More than 1,000 People Denied Entry at Republic Ports
New figures have shown that more than 1,000 people were refused entry to the Republic of Ireland on the grounds that they could travel to the UK through Northern Ireland.
In 2019, 525 were denied entry at ports over the border either solely or partially on the grounds that they may travel onwards to Northern Ireland from the Republic and may not meet UK immigration rules. In 2018, online media outlet Vice reported that 505 people were refused entry on the same grounds.
Brazilian and American citizens were the nationalities refused the most over the two years, accounting for more than 40% of cases.
Since the 2016 Brexit referendum, there have been questions about the role the Republic will play in securing its “common travel area” with Britain, including how the UK would maintain an open border with Ireland, whilst also tightening its own borders.
The possibility that someone could continue their journey onto the UK from Ireland was the fourth most common reason for refusal into Ireland.
One particular case came to prominence last September when an American man was refused entry through Ireland en-route to a 10-day trip to see his wife and young children in Omagh. The couple had already been forced to live apart for over a year at the time of the incident, as they were unable to meet the requirements of the UK’s family visa policies.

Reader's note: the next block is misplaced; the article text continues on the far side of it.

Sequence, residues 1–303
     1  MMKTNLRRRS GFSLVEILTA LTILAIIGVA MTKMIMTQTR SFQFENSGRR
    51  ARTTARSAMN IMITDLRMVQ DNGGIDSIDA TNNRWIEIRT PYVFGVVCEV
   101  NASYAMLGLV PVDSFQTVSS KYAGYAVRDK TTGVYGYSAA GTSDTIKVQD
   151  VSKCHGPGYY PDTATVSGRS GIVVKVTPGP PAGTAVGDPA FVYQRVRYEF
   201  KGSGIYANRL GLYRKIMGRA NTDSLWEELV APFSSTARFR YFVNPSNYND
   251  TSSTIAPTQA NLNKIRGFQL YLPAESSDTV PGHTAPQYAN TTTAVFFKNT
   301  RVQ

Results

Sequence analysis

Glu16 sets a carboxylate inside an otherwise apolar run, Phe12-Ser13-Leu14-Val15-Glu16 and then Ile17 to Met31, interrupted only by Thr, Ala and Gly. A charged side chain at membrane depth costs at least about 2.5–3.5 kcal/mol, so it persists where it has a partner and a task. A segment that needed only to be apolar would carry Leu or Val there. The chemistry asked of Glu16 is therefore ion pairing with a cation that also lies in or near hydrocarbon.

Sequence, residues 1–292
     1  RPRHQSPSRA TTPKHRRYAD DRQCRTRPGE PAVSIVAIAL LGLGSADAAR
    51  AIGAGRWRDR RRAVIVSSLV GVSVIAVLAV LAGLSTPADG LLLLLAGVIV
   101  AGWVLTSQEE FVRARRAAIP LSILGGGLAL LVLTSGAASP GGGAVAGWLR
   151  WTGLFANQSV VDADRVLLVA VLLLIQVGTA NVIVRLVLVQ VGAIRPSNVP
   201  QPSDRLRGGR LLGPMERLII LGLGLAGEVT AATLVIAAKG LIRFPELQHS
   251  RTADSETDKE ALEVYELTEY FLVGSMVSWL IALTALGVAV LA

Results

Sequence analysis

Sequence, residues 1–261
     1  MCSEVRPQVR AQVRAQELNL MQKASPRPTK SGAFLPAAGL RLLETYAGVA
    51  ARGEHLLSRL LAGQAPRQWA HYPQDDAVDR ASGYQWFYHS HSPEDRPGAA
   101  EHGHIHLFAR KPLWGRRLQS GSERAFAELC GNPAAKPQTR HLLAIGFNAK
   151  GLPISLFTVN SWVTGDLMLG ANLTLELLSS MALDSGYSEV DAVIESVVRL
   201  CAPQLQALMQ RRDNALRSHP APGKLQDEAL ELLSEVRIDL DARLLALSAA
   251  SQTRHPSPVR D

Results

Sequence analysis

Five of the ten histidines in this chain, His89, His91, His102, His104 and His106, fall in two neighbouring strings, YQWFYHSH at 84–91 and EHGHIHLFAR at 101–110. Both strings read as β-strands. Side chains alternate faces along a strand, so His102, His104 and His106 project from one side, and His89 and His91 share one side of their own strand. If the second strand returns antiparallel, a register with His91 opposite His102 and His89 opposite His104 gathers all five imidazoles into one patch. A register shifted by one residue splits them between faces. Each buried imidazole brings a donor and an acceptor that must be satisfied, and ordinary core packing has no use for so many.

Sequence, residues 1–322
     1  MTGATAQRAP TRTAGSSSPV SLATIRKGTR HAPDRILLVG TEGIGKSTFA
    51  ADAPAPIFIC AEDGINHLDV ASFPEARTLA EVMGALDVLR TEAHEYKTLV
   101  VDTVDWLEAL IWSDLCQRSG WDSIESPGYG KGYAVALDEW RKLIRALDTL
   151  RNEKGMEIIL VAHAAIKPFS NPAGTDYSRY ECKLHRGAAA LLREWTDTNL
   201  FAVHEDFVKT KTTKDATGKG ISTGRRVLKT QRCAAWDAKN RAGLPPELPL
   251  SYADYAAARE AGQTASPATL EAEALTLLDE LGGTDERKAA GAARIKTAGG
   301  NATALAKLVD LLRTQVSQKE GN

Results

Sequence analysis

UK Freedom of Movement to End in January
From next January, the UK will end freedom of movement for EU nationals. However, freedom of movement will continue in the Republic.
A Belfast-based human rights organisation, the Committee on the Administration of Justice, explained to Vice News that the policy has “always been shrouded in secrecy”.
Una Boyd, the organisation’s Immigration Project Coordinator, said:
“The sub-contracting of UK immigration controls to Irish officials is going to be highly politically controversial… “But that does not mean the standards of transparency in a democratic society regarding policy that fundamentally impacts on rights can just be set aside.”
Meanwhile, the Republic’s Department of Justice told Vice News that co-operation between the UK on immigration is “essential” and said that Irish immigration “looks at all the evidence available before reaching a decision”, and that this will continue post-Brexit.
A spokesperson for the UK Home Office said:
“The Government has agreed with the EU that the UK and Ireland can continue to make arrangements between themselves with regards to travel under the Common Travel Area, which predates membership of the EU.”
Do you need immigration advice?
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